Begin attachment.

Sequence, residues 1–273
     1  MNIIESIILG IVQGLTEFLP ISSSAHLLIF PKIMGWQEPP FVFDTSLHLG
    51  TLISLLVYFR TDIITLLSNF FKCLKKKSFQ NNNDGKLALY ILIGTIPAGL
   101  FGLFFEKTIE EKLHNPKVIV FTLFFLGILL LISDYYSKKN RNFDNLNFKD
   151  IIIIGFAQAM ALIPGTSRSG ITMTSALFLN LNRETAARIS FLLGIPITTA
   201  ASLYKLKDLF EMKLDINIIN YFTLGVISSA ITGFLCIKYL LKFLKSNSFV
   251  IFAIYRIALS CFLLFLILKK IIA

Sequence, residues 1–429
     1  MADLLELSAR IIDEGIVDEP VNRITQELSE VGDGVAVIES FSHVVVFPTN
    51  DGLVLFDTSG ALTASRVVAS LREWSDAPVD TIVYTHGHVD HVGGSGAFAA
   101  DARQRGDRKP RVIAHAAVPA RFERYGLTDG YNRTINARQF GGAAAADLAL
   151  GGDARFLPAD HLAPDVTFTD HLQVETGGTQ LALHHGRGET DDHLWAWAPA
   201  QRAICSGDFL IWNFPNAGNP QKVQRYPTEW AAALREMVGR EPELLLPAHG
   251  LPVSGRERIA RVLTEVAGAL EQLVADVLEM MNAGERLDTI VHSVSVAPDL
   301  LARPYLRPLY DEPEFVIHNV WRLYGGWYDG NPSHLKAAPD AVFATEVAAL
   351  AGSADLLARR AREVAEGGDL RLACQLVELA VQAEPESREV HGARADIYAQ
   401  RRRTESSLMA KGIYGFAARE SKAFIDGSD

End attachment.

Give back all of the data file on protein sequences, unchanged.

Sequence, residues 1–273
     1  MNIIESIILG IVQGLTEFLP ISSSAHLLIF PKIMGWQEPP FVFDTSLHLG
    51  TLISLLVYFR TDIITLLSNF FKCLKKKSFQ NNNDGKLALY ILIGTIPAGL
   101  FGLFFEKTIE EKLHNPKVIV FTLFFLGILL LISDYYSKKN RNFDNLNFKD
   151  IIIIGFAQAM ALIPGTSRSG ITMTSALFLN LNRETAARIS FLLGIPITTA
   201  ASLYKLKDLF EMKLDINIIN YFTLGVISSA ITGFLCIKYL LKFLKSNSFV
   251  IFAIYRIALS CFLLFLILKK IIA

Sequence, residues 1–429
     1  MADLLELSAR IIDEGIVDEP VNRITQELSE VGDGVAVIES FSHVVVFPTN
    51  DGLVLFDTSG ALTASRVVAS LREWSDAPVD TIVYTHGHVD HVGGSGAFAA
   101  DARQRGDRKP RVIAHAAVPA RFERYGLTDG YNRTINARQF GGAAAADLAL
   151  GGDARFLPAD HLAPDVTFTD HLQVETGGTQ LALHHGRGET DDHLWAWAPA
   201  QRAICSGDFL IWNFPNAGNP QKVQRYPTEW AAALREMVGR EPELLLPAHG
   251  LPVSGRERIA RVLTEVAGAL EQLVADVLEM MNAGERLDTI VHSVSVAPDL
   301  LARPYLRPLY DEPEFVIHNV WRLYGGWYDG NPSHLKAAPD AVFATEVAAL
   351  AGSADLLARR AREVAEGGDL RLACQLVELA VQAEPESREV HGARADIYAQ
   401  RRRTESSLMA KGIYGFAARE SKAFIDGSD